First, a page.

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me with excessive warmth, for he had been drinking much. The man wore motley. He had on a tight-fitting parti-striped dress, and his head was surmounted by the conical cap and bells. I was so pleased to see him, that I thought I should never have done wringing his hand.
I said to him—“My dear Fortunato, you are luckily met. How remarkably well you are looking to-day! But I have received a pipe of what passes for Amontillado, and I have my doubts.”
“How ?" said he. “ Amontillado? A pipe ! Impossible ! And in the middle of the carnival !”
“I have my doubts," I replied ; " and I was silly enough to pay the full Amontillado price without consulting you in the matter. You were not to be found, and I was fearful of losing a bargain.”
“ I have my doubts.”
“ As you are engaged, I am on my way to Luchesi. If any one has a critical turn, it is he. He will tell me "
“Luchesi cannot tell Amontillado from Sherry."
“And yet some fools will have it that his taste is a match for your own.”
" Come, let us go."
“My friend, no; I will not impose upon your good nature. I perceive you have an engagement. Luchesi — ".
“I have no engagement ;-come.”
“My friend, no. It is not the engagement, but the severe cold with which I perceive you are afflicted. The vaults are insufferably damp. They are encrusted with nitre.”
“Let us go, nevertheless. The cold is merely nothing. Amontillado! You have been imposed upon. And as for Luchesi, he cannot distinguish Sherry from Amontillado.”
Thus speaking, Fortunato possessed himself of my arm. Putting on a mask of black silk, and drawing a roquelaire closely about my person, I suffered him to hurry me to my palazzo.
There were no attend ants at home; they had absconded to make merry in honor of the time. I had told them that I should not return until the morning, and had given them explicit orders not to stir from the house. These orders were sufficient, I well knew, to insure their immediate disappearance, one and all, as soon as my back was turned.
I took from their sconces two flambeaux, and giving one to For. tunato, bowed him through several suites of rooms to the archway that led into the vaults. I passed down a long and winding staircase, requesting him to be cautious as he followed. We came at length to the foot of the descent, and stood together on the damp ground of the catacombs of the Montresors.
The gait of my friend was unsteady, and the bells upon his cap jingled as he strode.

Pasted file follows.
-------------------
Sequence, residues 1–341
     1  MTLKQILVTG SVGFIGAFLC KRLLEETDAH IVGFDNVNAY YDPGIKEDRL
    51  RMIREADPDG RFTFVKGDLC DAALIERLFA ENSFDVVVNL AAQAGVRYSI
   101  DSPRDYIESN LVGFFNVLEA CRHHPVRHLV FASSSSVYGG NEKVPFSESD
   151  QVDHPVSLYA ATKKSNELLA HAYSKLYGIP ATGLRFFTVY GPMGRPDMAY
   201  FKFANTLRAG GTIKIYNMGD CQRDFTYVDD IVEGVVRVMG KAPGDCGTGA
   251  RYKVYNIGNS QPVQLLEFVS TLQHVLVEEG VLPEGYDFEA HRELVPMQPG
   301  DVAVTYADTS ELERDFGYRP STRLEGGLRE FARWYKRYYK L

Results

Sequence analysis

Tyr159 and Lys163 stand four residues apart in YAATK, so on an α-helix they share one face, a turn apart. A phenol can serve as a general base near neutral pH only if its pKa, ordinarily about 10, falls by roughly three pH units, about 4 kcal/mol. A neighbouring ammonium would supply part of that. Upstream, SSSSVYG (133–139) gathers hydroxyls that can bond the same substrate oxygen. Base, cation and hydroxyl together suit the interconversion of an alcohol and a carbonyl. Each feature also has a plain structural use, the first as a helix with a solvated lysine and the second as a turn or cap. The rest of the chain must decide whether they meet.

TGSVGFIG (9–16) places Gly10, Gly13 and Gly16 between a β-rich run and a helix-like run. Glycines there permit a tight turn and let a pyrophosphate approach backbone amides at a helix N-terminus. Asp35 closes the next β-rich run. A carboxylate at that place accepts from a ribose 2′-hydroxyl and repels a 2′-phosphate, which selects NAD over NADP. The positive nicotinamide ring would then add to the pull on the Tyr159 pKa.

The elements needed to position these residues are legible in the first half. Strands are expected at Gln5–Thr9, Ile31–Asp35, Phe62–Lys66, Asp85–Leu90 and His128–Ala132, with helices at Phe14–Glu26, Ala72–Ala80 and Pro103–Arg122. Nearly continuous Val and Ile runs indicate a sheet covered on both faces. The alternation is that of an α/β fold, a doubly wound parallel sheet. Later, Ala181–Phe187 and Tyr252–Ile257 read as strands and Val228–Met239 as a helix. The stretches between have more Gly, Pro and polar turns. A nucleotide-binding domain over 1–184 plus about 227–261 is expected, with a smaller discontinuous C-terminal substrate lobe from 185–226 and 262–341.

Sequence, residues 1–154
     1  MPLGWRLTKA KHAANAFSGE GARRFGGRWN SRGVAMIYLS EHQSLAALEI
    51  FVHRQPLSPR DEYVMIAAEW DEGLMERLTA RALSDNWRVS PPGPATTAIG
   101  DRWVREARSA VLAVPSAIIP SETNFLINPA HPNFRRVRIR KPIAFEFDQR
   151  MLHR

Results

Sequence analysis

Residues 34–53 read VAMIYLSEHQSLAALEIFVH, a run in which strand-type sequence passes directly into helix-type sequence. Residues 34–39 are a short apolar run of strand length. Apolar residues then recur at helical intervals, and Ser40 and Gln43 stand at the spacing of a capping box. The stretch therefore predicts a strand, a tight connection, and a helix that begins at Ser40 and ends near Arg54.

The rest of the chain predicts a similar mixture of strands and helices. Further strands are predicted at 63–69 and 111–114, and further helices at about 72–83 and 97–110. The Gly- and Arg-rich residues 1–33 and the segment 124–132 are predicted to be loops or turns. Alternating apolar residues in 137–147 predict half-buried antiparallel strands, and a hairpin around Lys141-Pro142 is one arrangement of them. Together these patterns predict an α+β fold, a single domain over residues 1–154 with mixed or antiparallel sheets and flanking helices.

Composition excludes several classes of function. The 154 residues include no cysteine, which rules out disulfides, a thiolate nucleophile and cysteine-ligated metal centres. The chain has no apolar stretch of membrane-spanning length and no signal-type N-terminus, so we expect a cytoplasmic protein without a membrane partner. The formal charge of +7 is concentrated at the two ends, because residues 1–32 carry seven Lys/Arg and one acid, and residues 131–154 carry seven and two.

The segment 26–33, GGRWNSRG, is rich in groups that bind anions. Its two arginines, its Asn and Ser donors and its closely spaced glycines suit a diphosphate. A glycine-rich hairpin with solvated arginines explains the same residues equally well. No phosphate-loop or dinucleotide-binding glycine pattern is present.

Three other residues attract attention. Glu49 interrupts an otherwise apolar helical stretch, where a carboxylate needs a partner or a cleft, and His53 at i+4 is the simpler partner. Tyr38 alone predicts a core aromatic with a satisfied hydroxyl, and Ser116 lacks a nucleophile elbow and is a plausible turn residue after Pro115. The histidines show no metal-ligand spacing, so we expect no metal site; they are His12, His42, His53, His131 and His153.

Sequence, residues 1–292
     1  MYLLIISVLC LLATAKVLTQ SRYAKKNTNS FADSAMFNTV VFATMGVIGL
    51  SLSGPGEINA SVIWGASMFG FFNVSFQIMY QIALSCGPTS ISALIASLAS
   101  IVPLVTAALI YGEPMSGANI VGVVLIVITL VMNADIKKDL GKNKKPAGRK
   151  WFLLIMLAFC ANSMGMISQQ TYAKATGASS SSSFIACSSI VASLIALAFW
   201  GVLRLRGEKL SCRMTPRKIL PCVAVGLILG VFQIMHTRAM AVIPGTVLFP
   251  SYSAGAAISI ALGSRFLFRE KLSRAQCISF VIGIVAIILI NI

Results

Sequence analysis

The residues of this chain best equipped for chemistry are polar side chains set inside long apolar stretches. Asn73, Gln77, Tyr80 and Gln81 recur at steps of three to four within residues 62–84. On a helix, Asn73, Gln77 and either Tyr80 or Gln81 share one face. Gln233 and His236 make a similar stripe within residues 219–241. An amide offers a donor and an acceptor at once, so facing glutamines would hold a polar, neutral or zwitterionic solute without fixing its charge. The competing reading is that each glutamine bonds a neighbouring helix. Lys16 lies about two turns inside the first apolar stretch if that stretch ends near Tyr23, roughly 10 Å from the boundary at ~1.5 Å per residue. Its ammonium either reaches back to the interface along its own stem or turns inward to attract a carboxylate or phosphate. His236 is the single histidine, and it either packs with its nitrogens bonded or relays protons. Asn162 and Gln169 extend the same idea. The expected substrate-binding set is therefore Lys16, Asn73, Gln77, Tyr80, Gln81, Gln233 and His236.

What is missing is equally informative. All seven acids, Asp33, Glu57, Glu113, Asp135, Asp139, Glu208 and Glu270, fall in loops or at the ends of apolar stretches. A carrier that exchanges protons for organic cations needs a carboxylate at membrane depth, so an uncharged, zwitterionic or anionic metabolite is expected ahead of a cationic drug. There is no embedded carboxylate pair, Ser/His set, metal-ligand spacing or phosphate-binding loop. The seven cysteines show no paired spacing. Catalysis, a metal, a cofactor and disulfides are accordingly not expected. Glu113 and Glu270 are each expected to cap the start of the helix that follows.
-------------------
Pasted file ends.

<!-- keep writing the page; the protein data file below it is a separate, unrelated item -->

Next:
“The pipe,” said he.
“It is farther on,” said I; “but observe the white web-work which gleams from these cavern walls.”
Ile turned towards me, and looked into my eyes with two filmy orbs that distilled the rheum of intoxication.
“Nitre ?” he asked, at length.
“Ugh! ugh! ugh !-ugh! ugh! ugh !-ugh! ugh! ugh! ugh! ugh! ugh ugh! ugh! ugh !"
My poor friend found it impossible to reply for many minutes.. “ It is nothing," he said, at last.
“Come,” I said, with decision, “ we will go back ; your health is precious. You are rich, respected, admired, beloved; you are happy, as once I was. You are a man to be missed. For me it is no matter. We will go back; you will be ill, and I cannot be responsible. Besides, there is Luchesi — "
"Enough," he said, "the cough is a mere nothing; it will not kill me. I shall not die of a cough."
" True-true," I replied ; "and, indeed, I had no intention of alarming you unnecessari g—but you should use all proper caution. A draught of this Medoc will defend us from the damps."
Here I knocked off the neck of a bottle which I drew from a long row of its fellows that lay upon the mould.
" Drink," I said, presenting him the wino.
Le raised it to his lips with a leer. He paused and nodded to me familiarly, while his bells jingled.
“ I drink,” he said, “ to the buried that repose around us.”
“ The Montresors," I replied, “ were a great and numerous family."
“ I forget your arms." “A huge human foot d'or, in a field azure ; the foot crushes serpent rampant whose fangs are imbedded in the heel.” “And the motto ?” “ Nemo me impune lacessit.” “ Good !” he said.
The wine sparkled in his eyes and the bells jingled. My own fancy grew warm with the Medoc. We had passed through walls of piled bones, with casks and puncheons intermingling, into the inmost recesses of the catacombs. I paused again, and this time I made bold to seize Fortunato by an arın above the elbow.
“ The nitre !" I said ; "see, it increases. It hangs like moss upon the vaults. We are below the river's bed. The drops of moisture trickle among the bones. Come, we will go back ere it is too late. Your cough- "